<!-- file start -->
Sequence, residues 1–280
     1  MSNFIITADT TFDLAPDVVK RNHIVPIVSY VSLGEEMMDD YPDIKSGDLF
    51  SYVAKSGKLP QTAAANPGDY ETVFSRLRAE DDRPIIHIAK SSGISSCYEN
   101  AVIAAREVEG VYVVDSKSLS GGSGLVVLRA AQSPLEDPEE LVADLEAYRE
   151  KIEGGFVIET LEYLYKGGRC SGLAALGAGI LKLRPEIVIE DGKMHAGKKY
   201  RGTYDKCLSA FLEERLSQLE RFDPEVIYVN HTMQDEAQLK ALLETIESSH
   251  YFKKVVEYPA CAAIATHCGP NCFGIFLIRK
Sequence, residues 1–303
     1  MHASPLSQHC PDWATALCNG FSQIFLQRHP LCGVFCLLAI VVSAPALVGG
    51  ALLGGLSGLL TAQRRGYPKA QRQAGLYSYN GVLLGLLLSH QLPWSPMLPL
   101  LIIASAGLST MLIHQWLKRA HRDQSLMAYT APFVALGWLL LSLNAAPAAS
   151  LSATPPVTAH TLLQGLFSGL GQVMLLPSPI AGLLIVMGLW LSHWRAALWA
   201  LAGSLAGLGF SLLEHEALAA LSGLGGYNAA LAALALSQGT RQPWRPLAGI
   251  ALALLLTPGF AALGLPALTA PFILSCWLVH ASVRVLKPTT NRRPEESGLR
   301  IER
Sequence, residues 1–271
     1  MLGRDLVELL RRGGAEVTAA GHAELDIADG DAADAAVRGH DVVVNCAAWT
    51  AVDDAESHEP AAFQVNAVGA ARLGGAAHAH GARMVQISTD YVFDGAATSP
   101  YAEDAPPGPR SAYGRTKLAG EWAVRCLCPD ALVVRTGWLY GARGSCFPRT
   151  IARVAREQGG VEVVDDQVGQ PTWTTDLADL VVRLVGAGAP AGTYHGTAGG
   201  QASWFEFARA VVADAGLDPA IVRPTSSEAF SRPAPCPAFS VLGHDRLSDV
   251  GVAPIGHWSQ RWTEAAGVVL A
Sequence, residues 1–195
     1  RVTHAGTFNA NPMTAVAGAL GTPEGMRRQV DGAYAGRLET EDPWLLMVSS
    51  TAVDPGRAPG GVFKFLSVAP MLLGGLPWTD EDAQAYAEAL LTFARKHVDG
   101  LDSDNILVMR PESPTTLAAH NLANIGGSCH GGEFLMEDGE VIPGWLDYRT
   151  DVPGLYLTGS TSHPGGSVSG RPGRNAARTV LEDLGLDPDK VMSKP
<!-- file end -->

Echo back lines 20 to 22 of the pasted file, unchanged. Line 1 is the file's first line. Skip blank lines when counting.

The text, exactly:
   151  IARVAREQGG VEVVDDQVGQ PTWTTDLADL VVRLVGAGAP AGTYHGTAGG
   201  QASWFEFARA VVADAGLDPA IVRPTSSEAF SRPAPCPAFS VLGHDRLSDV
   251  GVAPIGHWSQ RWTEAAGVVL A